Terry Carter Dies: ‘Battlestar Galactica’ & ‘McCloud’ Actor Was 95

Terry Carter, best known for his roles as Colonel Tigh in the original Battlestar Galactica, and as Sgt. Joe Broadhurst on TV series McCloud, died Tuesday at his home in New York City, his son confirmed to The New York Times. He was 95.

A native of Brooklyn, NY, Carter broke color barriers from the beginning of his decades-long career. Carter was one of the first Black actors as a regular on a TV sitcom series, in the role of Private Sugarman on The Phil Silvers Show. He appeared in 92 episodes on the show from 1955-1959. Nine years later, he was credited with becoming New England’s first Black TV anchor newscaster, for WBZ-TV Eyewitness News in Boston, as well as the station’s drama and movie critic, from 1965 to 1968.

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His first major Hollywood role was as Detective Jaffie in the TV movie Company of Killers, but his most prominent television roles came in the 1970s, beginning with his portrayal of Sergeant Joe Broadhurst in the detective series McCloud from 1970 to 1977. He is best known internationally for his co-starring role as Colonel Tigh, second-in-command of the starship fleet in ABC’s original sci-fi series Battlestar Galactica in 1978-79. He also reprised the role in the 1978 Battlestar Galactica film, written by Glen A. Larson and directed by Richard A. Colla.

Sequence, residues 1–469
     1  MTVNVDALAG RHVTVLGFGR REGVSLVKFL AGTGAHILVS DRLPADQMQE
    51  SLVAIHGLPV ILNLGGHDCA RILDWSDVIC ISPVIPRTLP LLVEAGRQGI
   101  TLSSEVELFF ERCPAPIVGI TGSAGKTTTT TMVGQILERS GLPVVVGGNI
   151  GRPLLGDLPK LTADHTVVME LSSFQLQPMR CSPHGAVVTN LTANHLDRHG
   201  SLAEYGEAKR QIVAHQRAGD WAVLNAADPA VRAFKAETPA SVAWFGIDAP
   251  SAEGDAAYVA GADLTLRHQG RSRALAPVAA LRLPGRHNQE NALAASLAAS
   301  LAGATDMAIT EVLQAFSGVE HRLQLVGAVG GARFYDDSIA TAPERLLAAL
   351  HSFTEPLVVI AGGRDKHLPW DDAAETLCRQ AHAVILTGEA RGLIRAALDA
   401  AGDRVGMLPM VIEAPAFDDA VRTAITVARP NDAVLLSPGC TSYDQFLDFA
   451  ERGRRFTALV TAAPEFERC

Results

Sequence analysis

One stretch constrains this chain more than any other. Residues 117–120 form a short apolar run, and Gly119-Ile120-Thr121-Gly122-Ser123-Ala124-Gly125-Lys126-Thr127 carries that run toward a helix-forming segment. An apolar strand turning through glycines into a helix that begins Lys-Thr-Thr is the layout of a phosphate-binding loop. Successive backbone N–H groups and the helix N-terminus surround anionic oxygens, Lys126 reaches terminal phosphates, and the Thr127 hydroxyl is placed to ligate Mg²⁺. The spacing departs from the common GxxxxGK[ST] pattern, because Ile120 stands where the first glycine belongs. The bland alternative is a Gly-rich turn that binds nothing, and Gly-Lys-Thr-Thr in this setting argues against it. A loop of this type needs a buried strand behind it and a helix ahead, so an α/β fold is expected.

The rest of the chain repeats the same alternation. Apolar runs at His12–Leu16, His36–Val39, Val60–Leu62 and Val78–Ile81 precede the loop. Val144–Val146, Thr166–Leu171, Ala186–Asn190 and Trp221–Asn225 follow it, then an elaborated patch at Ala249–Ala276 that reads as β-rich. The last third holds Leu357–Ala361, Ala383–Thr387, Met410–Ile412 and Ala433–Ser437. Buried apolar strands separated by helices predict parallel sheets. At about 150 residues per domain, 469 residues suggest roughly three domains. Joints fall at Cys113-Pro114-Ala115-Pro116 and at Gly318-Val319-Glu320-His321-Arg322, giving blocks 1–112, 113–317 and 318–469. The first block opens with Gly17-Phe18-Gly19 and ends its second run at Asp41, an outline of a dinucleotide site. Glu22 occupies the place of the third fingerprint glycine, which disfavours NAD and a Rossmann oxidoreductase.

In 1980, Carter was elected to the Board of Governors of the Academy of Television Arts & Sciences, where he served two terms. Three years later, he was inducted into the Academy of Motion Picture Arts and Sciences, where he served on the Documentary Committee and the Foreign Films Committee for the Oscars. In 1985, Carter received a Los Angeles Emmy Award for K*I*D*S, a TV miniseries he created, produced and directed, about a multi-racial group of teenagers struggling to cope with some of the adult-sized conflicts confronting youth in America at the time.

He later produced and directed Jazz Masters, a series of video portraits of twelve great jazz artists for TV2 Denmark. In 1988, Carter produced and directed the award-winning, Emmy-nominated TV musical documentary A Duke Named Ellington about the life and work of pianist, composer, bandleader and jazz legend Duke Ellington.

He is survived by his wife Etaferhu Zenebe-DeCoste, his two children, Mrs. Zenebe-DeCoste’s daughter, a granddaughter, and many cousins. Twice widowed, he was preceded in death by his late wives Anna DeCoste (1964–1990) and Beate Glatved DeCoste (1991–2006).

A private family memorial has been planned, according to his website.



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